Phish Tour 2021 – Setlist, Recap & The Skinny: Phoenix

The second set featured a 26-minute "Everything's Right."

By Billy Jack Sinkovic Oct 23, 2021 8:25 am PDT

Phish continued their Fall Tour 2021 with a Friday night concert at Ak-Chin Pavilion in Phoenix, Arizona. It was the Grand Canyon State’s first Phish show in over 18 years: the first post-hiatus summer tour kicked off in the same venue in July 2003 and featured the debut of 2.0 fan-favorite “Scents and Subtle Sounds.”

A couple years before (and exactly 20 years prior to tonight’s show), drummer Jon Fishman joined Widespread Panic’s Todd Nance and Sunny Ortiz for the drums segment of their show. And finally, in July 1998, Phish debuted “Bittersweet Motel” and unleashed one of the biggest bust-outs ever (and biggest at the time): Taj Mahal’s “She Caught the Katy,” played for the first time in 1,039 shows.

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As the freshly waning Hunter’s Moon rose in the warm desert sky, the lights dimmed inside the Desert Sky Pavilion (recently renamed after the Ak-Chin Native American community), and the band kicked things off with a spirited strut through the first “Julius” since before the dreaded COVID-19 struck. This tried-and-true show opener gave the fans a chance to get their sea legs, particularly those who’d followed the lines going south for more than 1,200 miles from the previous stop on tour Eugene, Oregon. The second of seven consecutive tour debuts, “Martian Monster,” blasted off on a less-than-short trip, complete with call-and-response samples (“Your trip is short,” “Yeah”) that gave way to an elated stretch through space.

But because of the incredible speed of their rocket, they arrived at “Soul Planet” a bit prematurely, but wasted no time in finding a steadfast trajectory to follow. Fugal interplay between Trey Anastasio’s bright guitar and Page McConnell’s grand piano twisted and turned atop the ever-concise rhythmic clip. A concise change of course into a minor key with Bowie-esque energy (the song, not the man) led to a middling peak of synthesized sonance before dipping below the surface of the “ocean of love.” Like strange creatures from fathoms below, synth and guitar called to one another amongst harmonious bubbles of bass from Mike Gordon’s rig. Fishman’s never-faltering undulations were lush with fills, steadily lifting the jam to another triumphant plateau of sound.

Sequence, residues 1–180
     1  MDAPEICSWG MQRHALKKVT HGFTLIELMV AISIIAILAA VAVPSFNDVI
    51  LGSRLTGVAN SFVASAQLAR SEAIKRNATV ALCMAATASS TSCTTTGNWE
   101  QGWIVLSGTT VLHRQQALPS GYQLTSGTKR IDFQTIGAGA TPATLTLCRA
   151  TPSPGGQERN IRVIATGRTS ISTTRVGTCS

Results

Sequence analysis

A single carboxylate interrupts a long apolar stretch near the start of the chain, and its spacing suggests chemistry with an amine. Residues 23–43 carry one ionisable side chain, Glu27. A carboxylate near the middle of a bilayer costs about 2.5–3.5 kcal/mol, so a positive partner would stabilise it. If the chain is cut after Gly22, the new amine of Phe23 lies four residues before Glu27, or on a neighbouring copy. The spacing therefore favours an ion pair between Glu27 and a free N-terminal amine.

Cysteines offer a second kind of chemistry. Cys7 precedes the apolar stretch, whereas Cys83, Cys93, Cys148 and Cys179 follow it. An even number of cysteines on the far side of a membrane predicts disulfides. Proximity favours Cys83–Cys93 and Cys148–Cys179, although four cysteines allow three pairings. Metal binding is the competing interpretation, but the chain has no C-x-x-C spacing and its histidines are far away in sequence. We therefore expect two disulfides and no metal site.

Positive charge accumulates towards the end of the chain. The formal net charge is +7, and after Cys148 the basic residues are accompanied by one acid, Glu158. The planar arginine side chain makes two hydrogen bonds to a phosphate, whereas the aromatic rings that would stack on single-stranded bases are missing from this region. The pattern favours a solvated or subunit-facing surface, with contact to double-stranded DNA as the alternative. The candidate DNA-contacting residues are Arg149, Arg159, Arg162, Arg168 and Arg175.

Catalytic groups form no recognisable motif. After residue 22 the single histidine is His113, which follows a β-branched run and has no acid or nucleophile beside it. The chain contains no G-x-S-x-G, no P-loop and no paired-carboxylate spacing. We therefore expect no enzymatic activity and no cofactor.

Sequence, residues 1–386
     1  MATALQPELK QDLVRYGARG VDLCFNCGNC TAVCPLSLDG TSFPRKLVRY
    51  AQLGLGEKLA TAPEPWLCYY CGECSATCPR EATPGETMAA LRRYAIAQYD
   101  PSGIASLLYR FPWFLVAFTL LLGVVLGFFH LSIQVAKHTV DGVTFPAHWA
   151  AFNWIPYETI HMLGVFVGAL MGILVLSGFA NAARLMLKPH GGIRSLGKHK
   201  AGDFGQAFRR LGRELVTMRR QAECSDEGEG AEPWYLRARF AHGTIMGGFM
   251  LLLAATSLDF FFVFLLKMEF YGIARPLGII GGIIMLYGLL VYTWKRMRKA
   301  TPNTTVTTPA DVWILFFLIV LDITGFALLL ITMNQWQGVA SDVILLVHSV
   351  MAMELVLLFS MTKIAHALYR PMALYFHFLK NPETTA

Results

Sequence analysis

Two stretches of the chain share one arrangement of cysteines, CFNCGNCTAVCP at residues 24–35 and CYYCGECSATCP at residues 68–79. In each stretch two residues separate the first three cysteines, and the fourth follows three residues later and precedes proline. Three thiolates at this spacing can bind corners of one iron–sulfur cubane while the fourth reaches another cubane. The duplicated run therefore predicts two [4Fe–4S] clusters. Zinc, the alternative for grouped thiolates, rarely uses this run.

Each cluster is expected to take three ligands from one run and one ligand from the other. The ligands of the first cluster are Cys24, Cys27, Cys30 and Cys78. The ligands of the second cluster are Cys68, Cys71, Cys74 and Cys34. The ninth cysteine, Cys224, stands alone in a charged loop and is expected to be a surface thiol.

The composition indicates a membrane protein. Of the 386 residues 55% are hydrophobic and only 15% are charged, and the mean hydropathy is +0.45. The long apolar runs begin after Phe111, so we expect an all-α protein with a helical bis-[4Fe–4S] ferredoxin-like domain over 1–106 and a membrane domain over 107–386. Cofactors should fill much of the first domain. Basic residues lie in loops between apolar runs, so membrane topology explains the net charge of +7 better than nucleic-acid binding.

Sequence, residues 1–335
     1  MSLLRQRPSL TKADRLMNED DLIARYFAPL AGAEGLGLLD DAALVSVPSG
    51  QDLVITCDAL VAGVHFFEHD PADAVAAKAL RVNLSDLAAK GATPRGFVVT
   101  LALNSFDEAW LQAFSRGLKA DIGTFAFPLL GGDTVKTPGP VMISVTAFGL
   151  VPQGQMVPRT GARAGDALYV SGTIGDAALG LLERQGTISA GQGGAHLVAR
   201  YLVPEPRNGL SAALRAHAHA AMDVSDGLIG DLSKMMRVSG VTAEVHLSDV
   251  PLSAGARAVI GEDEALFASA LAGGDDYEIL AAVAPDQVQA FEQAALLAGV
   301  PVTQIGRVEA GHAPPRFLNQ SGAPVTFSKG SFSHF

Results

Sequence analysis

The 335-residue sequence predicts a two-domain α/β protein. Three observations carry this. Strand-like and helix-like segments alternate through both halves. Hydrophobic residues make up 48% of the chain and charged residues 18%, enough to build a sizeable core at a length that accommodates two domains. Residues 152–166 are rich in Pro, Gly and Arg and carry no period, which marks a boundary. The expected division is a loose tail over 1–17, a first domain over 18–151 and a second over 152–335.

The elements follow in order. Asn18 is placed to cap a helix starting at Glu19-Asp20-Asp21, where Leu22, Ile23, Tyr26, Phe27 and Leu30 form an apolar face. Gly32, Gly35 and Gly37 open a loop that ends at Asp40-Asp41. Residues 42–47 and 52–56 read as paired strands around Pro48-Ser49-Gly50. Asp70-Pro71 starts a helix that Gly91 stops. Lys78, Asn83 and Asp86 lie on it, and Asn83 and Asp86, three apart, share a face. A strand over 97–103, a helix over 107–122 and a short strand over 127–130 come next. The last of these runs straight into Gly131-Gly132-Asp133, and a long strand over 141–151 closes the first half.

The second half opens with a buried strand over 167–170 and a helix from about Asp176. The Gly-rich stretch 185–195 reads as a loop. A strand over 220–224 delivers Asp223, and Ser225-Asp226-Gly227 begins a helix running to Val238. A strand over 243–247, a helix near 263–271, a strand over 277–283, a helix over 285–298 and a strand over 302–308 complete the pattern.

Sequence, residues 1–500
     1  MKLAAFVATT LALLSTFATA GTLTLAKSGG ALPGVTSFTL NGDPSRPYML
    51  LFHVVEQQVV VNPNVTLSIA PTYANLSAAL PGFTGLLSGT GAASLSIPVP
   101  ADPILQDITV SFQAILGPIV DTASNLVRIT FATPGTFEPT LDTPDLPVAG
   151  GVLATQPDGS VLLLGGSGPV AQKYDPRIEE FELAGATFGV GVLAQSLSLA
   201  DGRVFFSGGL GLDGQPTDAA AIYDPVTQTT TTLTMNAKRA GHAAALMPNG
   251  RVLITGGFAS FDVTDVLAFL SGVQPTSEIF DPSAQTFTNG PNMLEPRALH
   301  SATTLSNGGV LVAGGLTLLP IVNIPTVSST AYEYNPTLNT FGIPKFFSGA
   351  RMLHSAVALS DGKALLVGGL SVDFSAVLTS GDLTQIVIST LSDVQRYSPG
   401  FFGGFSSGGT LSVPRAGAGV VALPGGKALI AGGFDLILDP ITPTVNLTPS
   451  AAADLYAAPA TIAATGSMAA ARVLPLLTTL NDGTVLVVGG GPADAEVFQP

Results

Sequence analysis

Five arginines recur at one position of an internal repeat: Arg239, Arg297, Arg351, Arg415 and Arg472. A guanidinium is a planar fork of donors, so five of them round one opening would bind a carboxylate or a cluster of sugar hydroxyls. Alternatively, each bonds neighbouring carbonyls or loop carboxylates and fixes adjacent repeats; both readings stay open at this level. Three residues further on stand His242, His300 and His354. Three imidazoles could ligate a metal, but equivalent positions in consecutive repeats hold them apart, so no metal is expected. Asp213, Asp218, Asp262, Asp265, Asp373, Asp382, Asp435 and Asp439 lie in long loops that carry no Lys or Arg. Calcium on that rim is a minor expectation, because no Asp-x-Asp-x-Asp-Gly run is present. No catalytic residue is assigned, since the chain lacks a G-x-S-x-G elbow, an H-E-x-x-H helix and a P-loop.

From the settling dust of the night’s first notable jam rose “My Friend My Friend,” knife in hand, followed by the ever-bouyant “Bouncing Around The Room.” Mike then stepped up for his first lead vocal of the night with “Scent of a Mule.” Page eschewed the typical decrescendo for an interval of hard-driving classical piano flair before Trey’s klezmer phrasing beckoned the final verse. A perfunctory “More” in an unusual setlist slot was quickly followed by only the third repeat of tour, five and a half shows in.

“Ghost” exhibited a subtle yet strong tempo increase from the get-go that’s been heard at least once or twice this year, in addition to the continued experiments with new vocal inflections and consonance from all four members of the band. Maintaining smooth and steady passage through a shimmering plain of sound, Page’s grand piano continued its first set MVP run. Gradually building on Mike’s tenacious cadence, Trey carried the remarkable jam towards a triumphant summit. The “Story” concluded with the slinking ghost of “Julius,” and Phish took a well-deserved “15-minute” break.

Read on after The Skinny for the rest of the recap and more.

The Skinny

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The Setlist

The Venue

Ak-Chin Pavilion [See upcoming shows]